It was every bit as intimidating as I had feared; 15 months since I had even stood on skis, over 3000 metres of un-acclimatised altitude, a rucksack on my back to unbalance me and a glaciated slope immediately in front of me. As the guide book says, “standing on top of the Grand Montets can be an unnerving start to the Haute Route for some“.
Three of us – aka myself and 2 of the Run Like a Girl team were to spend seven days skiing the route from Chamonix (Argentiere) actually to Zermatt. The descent to the Argentiere glacier was accomplished on my part with minimal style but no wipe-outs and we began the long skinning ascent to the Col de Chardonnay. After a winter of high snowfall, temperatures had soared in the past two weeks and, in the frosty early morning, the slope was icy making for very tentative skinning. Seeing Alex make a minor slip I opted for the security of crampons for the steep lower section – a choice I felt was vindicated on hearing of someone slipping over 100metres whilst ascending on the true right bank of the lower glacier. Most who know me well will be aware that I took a terrifying fall some 150 metres down a gully in Chamonix two years earlier and was lucky to get away with broken ribs and a bloodied nose – I have no wish to push my luck on that score again.
Despite the high snowfall the East side of the Col seemed scoured clear of snow compared to how Karen and Alex had seen it before so we had to conduct a relatively delicate abseil and down-climb. By this time some cloud was coming in on the Foehn and visibility was dramatically reduced. We worked our way down the glacier and started looking for our first night destination – the Saleina Hut. After eyeing up every large rock on the opposing bank we finally spied the hut roof – both further and higher than we had hoped. By the time we finally arrived at the hut I was fatigued and in agony with my feet – simply very unused to ski boots and with exquisite pain on the outside edge of each foot. Still, we were the only guests at the hut for the night and a large meal with wine awaited.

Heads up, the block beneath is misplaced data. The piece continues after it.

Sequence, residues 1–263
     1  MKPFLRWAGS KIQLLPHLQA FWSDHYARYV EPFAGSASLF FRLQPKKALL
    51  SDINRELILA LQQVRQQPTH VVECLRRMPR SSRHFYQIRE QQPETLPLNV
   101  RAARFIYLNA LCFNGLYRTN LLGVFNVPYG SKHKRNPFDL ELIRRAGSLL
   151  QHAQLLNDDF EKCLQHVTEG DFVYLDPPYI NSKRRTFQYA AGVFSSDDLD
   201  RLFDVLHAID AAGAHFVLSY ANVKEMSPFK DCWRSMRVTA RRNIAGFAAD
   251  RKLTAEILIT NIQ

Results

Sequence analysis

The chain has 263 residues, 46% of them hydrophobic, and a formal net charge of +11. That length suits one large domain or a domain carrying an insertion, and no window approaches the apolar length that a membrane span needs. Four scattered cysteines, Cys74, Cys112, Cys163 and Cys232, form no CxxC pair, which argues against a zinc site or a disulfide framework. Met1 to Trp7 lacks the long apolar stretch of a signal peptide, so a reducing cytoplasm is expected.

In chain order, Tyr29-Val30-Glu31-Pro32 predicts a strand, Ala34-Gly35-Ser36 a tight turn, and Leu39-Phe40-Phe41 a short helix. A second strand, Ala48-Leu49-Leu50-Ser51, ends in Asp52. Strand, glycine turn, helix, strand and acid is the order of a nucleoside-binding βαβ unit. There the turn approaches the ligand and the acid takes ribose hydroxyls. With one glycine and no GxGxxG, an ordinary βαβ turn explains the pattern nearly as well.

Sunshine on the ascent to Valsorey Hut
Most on the Haute Route opt to stay at the Trient Hut, descent to Champex and then take public transport to Bourg in order to continue the journey. We had all agreed that a higher level option, avoiding such valley transport, seemed much more in keeping with what we wanted to attempt and the “Alpine” variant of the Haute Route offers just that. Day Two provided some good challenges which I still felt barely competent for – three cols, glaciated terrain, some skinnable, some requiring crampons and visibility that came and went with strong gusty wind and spindrift made it a day where we had to work together. Descending to La Fouly we encountered a range of snow conditions from icy through breakable to deep slush – the early start meant that we were in the village for mid-afternoon and time to enjoy hot chocolate and some great Pear/Apple tart.
The next day involved a little of the TMB in reverse – up the Ferret valley but then veering leftwards and steeply uphill to the Fenetre de Ferret – we had to ski over the debris of many full depth avalanches. The steeper slopes were very unnerving – cracked and seeming on the verge of collapse. At one point, cramponing up the turf seemed the safer option to anything on skis so we learnt that in ski mountaineering there is no single “right” way – you assess the conditions, do whatever seems safest and best and be prepared to turn around where necessary. White out conditions greeted us on the Fenetre and anyone following out tracks in good visibility would have wondered why we had so tentatively side slipped a great slope. Now we were in Bourg and back on the trail of the many – the previous 2 days we had only seen people from a distance on their own, different routes but it had ensured that we gained out own confidence, working together as a team and I now did feel that I belonged in these hills with kit that I knew how to use.